Releasing the strategy merely set the stage for a much more serious fight: restoring predictable and adequate DOD funding. The military had seen its annual budgets decrease precipitously during the preceding five years due to sequestration. The lack of funding and spare parts meant planes being grounded, ships not put to sea, and troops lacking training. In short, a military charged with fighting a nonstop war against terrorism and providing global presence was denied the very funding it needed to succeed. The military was overused and underfunded, leading to increased accidents and a large number of talented individuals heading to the exits for greener pastures.

WASHINGTON, DC – SEPTEMBER 03: (AFP OUT) U.S. Secretary of Defense James Mattis (L) makes a statement at the White House on a possible military response to the recent North Korea missile launch, with Chairman of the Joint Chiefs of Staff Joseph Dunford on September 3, 2017 in Washington, DC. (Photo by Chris Kleponis – Pool/Getty Images)

Restoring the military’s budget was now Mattis’s top priority. The defense strategy was largely a means to that end, providing the department the justification it needed to increase congressional support. As Mattis had said, ‘a strategy without the budget to enact it is just a hallucination.’ We needed to raise military spending to levels that aligned with our requirement to fight the war on terrorism while also repairing years of decay and preparing for more difficult adversaries. (RELATED: Trump Announces Death Of Another Top ISIS Leader)

Mattis wasn’t alone in his pursuit. Senator John McCain had recently released a well-received whitepaper entitled ‘Restoring American Power,’ a road map for rebuilding the military in order to preserve America’s global leadership. Representative Mac Thornberry from Texas echoed McCain, and several Washington-based think tanks rang the alarm about sequestration’s toll on the military.

President Trump had also pledged to restore the military during his campaign, saying, ‘We want to deter, avoid, and prevent conflict through our unquestioned military strength.’ All the good intentions were in place — now it was time to drive them home.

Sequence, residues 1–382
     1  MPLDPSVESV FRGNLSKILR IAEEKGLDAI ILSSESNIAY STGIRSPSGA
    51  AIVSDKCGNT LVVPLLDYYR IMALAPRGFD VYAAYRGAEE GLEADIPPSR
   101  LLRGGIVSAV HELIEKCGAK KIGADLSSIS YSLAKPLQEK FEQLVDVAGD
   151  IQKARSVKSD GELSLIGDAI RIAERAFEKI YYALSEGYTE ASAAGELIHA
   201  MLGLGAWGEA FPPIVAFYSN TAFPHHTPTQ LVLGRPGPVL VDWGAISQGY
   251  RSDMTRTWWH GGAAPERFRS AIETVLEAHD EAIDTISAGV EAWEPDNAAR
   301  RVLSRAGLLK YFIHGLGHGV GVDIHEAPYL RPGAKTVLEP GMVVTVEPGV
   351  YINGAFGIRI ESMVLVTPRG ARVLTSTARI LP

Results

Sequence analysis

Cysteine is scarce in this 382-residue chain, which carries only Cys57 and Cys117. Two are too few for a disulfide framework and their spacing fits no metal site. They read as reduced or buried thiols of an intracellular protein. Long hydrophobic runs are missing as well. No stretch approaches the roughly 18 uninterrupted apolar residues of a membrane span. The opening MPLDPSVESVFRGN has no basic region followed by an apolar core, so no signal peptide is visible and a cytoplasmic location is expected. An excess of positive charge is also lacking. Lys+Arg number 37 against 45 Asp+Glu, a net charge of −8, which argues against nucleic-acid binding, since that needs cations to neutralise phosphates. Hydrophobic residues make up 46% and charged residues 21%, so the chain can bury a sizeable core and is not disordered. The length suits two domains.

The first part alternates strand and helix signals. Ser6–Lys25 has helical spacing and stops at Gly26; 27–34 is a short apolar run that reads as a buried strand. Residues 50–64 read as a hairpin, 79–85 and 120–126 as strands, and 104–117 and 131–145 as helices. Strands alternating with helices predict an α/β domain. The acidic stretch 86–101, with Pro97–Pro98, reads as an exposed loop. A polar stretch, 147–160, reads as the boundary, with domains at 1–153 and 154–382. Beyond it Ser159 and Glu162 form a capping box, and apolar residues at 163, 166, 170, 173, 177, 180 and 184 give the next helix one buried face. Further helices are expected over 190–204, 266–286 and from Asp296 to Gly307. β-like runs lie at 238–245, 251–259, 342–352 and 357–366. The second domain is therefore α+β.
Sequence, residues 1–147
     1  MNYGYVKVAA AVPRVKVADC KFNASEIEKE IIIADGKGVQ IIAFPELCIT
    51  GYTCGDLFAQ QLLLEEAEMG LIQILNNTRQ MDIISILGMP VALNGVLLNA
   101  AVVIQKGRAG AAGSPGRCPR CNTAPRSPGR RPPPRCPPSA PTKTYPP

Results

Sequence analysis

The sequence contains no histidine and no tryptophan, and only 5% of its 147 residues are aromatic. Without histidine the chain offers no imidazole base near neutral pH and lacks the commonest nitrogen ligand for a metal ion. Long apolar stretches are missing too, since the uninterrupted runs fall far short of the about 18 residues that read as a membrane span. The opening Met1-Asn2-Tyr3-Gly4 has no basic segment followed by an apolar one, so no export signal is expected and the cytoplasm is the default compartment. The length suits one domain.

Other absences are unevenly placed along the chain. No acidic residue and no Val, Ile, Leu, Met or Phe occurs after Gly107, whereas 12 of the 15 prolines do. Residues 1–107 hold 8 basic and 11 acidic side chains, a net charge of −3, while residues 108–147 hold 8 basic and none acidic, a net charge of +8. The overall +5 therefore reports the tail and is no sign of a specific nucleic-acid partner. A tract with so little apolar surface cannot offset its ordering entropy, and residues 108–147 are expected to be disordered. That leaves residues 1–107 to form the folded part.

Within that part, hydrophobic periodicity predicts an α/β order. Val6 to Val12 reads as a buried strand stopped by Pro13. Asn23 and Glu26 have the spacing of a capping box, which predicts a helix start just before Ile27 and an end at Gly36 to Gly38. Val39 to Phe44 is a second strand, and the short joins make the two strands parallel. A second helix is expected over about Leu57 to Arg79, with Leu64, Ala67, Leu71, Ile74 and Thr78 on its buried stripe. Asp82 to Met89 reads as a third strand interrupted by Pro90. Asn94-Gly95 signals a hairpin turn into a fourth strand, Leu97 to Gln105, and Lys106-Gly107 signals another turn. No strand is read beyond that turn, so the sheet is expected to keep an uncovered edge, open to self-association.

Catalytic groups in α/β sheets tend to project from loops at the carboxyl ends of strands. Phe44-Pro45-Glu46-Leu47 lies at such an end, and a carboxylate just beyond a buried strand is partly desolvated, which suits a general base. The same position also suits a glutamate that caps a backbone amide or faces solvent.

Mattis had campaigned for restored funding and budgetary certainty throughout his first year, so much of the groundwork was already laid. Congressional Democrats were largely opposed, as they wanted a one-for-one increase to match increased domestic spending with increased military spending. Mick Mulvaney, the director of the Office of Management and Budget, was also seeking to hold the defense department to a lower ‘top-line’ budget, as were other Republicans concerned about ballooning federal deficits and the national debt.

Mattis knew that we had to be relentless about restoring military spending, especially since the latest continuing resolution was expiring in February.

Our first goal was alignment. Everyone had to be on message.

Mattis had previously briefed Trump on his proposed budgets for the department. Despite his reservations, Mulvaney agreed to a significant increase for 2018’s budget, lifting defense spending to $700 billion with a smaller increase in 2019 to $716 billion to offset inflation. The military would have the funding and the certainty needed to invest in the big programs required for the renewed threats posed by China, Iran, Russia, or North Korea.”

From HOLDING THE LINE: Inside Trump’s Pentagon with Secretary Mattis by Guy M. Snodgrass, US Navy (Ret), published by Sentinel, an imprint of The Penguin Publishing Group, a division of Penguin Random House, LLC.  Copyright © 2019 Guy M. Snodgrass

Guy “Bus” Snodgrass recently served as director of communications and chief speechwriter to Secretary of Defense James Mattis. A former naval aviator and F/A-18 pilot, he served as a commanding officer of a fighter squadron based in Japan, a TOP-GUN instructor, and a combat pilot over the skies of Iraq as part of his twenty-year navy career. He lives with his family in Virginia.